A larger randomised, placebo-controlled trial called DISCOVER will compare sofosbuvir plus daclatasvir with lopinavir/ritonavir versus lopinavir/ritonavir alone in 600 people with moderate to severe COVID-19 who have had symptoms for seven days or less.

In addition, a network of five clinical trials has been established to test sofosbuvir plus daclatasvir in over 2000 patients with COVID-19 in Iran, Brazil, Egypt and South Africa, according to a press statement.

"By October, we should know from the trial results if this treatment could be approved for worldwide use," said Prof Shahin Merat of Tehran University of Medical Sciences. "Conducting research amidst a pandemic with overwhelmed hospitals is a challenge and we cannot be sure of success. Sometimes treatments look promising in early trials but then fail later on."

COVID-19 toolkit for patient associations

The European Association for the Study of the Liver (EASL) and the European Reference Network on Rare Liver Disorders (ERN RARE-LIVER) have developed a toolkit on COVID-19 for liver patient associations.

EASL and ERN RARE-LIVER say: “This toolkit has been developed to help liver disease patients during the COVID-19 pandemic. The goal of the toolkit is to help patient associations to support their patients during this time. Three different sections have been made: each section has its own goal.

Section 1 helps patient associations to communicate accurate information about COVID-19 to patients

Section 2 advises on the use of social media and newsletters to make communication to patients easier

Section 3 gives tips about how advocacy can be used to improve the situation and treatment of liver disease patients.”

World Hepatitis Alliance webinar, 31 July 2020 – Ten years to go: prospects of reaching the 2030 elimination targets in the context of COVID-19

On Friday 31 July, the World Hepatitis Alliance will host a webinar to discuss the prospects of achieving hepatitis elimination by 2030 in the context of COVID-19. This webinar will bring together leading experts from across the world to explore how COVID-19 has impacted hepatitis elimination programmes and what needs to be done to accelerate elimination efforts if we are to reach the 2030 goals. 

Hepatitis C doubles the risk of head and neck cancers

Hepatitis C infection doubles the risk of developing cancers of the oral cavity, upper throat and larynx, a meta-analysis of eight studies has shown. The study authors say that people with hepatitis C should be checked regularly for these cancers.

The risk of developing a head or neck cancer is relatively low, although the incidence of these cancers is on the rise. Men are about twice as likely as women to develop one of these cancers. The lifetime chance of developing oral cancer is around one in fifty for men born after 1960 in the United Kingdom, Cancer Research UK has calculated. The risk of other head and neck cancers is lower. Head and neck cancers are more common in Asia. The chief risk factors for head and neck cancers are smoking, high alcohol consumption and human papillomavirus infection.

Doctors treating people with head and neck cancers should consider the possibility of undiagnosed hepatitis C and liver specialists should carry out regular checks for head and neck cancers in their patients with hepatitis C, the authors conclude.  They don’t specify how often people with hepatitis C should be checked.

Hepatitis C cure means many liver failure patients have a better chance at transplantation and recovery

In the era of new antivirals, most liver-transplanted patients can be rapidly cured of hepatitis C infection. This medical progress has also made it possible to expand the donor pool, and transplant hepatitis C-positive organs followed by antiviral treatment.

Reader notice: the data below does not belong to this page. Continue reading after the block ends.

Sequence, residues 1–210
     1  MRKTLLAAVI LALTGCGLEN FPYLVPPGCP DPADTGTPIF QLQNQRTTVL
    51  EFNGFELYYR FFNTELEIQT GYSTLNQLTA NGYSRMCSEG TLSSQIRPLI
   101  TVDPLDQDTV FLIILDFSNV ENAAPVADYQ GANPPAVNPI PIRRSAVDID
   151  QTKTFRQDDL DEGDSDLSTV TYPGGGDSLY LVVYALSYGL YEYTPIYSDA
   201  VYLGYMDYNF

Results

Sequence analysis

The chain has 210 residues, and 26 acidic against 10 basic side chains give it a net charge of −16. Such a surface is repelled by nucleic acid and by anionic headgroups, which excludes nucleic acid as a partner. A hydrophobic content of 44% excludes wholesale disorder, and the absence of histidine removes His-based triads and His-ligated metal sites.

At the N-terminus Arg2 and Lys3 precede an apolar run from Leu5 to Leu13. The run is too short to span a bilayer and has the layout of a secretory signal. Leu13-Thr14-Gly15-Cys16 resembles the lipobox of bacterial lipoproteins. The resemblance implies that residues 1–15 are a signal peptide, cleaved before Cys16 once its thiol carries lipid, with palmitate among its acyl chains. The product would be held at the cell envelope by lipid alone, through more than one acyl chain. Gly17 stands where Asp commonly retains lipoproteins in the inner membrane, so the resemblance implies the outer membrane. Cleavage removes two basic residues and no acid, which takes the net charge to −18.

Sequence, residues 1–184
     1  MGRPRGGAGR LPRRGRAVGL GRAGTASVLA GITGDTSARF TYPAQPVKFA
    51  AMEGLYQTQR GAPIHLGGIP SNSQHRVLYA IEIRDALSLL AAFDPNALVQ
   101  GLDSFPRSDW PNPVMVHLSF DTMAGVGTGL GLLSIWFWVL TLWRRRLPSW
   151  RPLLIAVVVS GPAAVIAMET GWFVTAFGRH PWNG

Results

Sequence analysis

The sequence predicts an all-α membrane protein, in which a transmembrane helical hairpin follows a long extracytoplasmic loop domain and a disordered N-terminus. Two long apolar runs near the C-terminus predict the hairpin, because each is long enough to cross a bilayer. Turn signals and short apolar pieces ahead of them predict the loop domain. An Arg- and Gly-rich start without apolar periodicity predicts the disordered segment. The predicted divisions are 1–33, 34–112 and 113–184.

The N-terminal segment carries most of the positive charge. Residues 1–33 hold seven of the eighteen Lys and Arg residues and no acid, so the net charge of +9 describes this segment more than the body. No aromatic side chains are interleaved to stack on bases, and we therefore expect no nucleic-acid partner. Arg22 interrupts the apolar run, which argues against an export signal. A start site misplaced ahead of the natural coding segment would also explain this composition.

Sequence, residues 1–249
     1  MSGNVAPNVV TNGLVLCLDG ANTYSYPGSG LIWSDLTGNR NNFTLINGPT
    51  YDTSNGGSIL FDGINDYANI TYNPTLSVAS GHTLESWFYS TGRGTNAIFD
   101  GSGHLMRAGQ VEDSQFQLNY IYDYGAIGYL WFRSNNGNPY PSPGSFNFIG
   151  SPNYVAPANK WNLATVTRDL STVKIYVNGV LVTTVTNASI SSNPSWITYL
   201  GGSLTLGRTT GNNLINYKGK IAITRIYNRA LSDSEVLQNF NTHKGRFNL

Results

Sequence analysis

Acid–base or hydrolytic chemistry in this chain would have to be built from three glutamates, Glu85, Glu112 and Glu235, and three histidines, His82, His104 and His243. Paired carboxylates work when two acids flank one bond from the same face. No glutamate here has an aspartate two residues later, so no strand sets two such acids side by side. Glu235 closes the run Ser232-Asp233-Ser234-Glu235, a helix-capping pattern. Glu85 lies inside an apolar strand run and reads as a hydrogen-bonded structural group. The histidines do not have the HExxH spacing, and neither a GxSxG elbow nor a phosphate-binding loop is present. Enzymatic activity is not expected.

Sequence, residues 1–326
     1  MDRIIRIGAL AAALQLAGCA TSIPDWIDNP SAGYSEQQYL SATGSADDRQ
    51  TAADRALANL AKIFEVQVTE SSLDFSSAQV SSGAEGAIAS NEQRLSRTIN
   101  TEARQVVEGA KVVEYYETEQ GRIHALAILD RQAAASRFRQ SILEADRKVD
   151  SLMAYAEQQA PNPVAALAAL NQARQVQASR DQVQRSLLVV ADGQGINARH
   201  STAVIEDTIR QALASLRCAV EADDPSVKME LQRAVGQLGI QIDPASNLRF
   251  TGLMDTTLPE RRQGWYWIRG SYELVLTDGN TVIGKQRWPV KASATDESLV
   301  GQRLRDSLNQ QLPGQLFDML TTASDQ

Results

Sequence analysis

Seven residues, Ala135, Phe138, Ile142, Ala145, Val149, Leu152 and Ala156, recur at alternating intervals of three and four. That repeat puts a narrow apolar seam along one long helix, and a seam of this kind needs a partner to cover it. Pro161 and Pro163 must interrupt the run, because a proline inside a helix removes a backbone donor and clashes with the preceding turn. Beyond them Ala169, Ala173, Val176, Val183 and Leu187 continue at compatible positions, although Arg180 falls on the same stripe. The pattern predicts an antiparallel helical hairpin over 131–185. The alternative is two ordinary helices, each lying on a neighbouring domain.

University of Chicago Department of Medicine reports in the journal Transplantation that the number of hepatitis C-positive livers transplanted to hepatitis C-negative patients rose 35-fold over the past four years in the United States, from eight in 2016 to 280 in 2019. The research also confirms that patients who received the infected livers and were then cured of hepatitis C did as well two years after their operations as patients who received livers that weren't infected.

The study found large variation between regions, suggesting a lack of awareness of recent successful outcomes from hepatitis C-positive organ transplants at larger academic medical centres.

Women suffer less NAFLD but more advanced fibrosis

Medscape reports that women are significantly less likely to develop non-alcoholic fatty liver disease (NAFLD) than men but more likely to develop advanced fibrosis. The findings come from a meta-analysis of 54 studies and more than 62,000 people and are published in the journal Clinical Gastroenterology and Hepatology.

Women had a 19% lower risk of developing NAFLD but a 37% higher risk of advanced fibrosis than men, the meta-analysis showed.

Study author Dr Maya Balakrishnan told Medscape that the course of NAFLD appears to be more aggressive in women.

Although women are less likely to develop NAFLD, the study investigators say that the higher risk of advanced fibrosis in women means that women aged 50 or over who have NAFLD should be monitored regularly for advanced fibrosis and cirrhosis. Dietary modification and weight loss in younger women with NAFLD are important measures to prevent further liver damage, they conclude.

Diabetes doubles the risk of advanced liver disease in NAFLD

A second meta-analysis published this month finds that diabetes doubles the risk of developing advanced fibrosis in non-alcoholic fatty liver disease (NAFLD).

The study pooled data from 18 studies that reported risk factors for the development of advanced liver disease (fibrosis or non-alcoholic steatohepatitis – NASH) in people with metabolic disease (either raised blood pressure, raised lipid levels, diabetes or obesity). The studies followed approximately 20 million people for a median of ten years and compared people with metabolic risk factors to people with no metabolic risk factors. The studies excluded people with viral hepatitis or alcoholic liver disease.

Obesity increased the risk of advanced liver disease by 20%. Raised blood pressure or lipids increased the risk of advanced liver disease to a similar extent.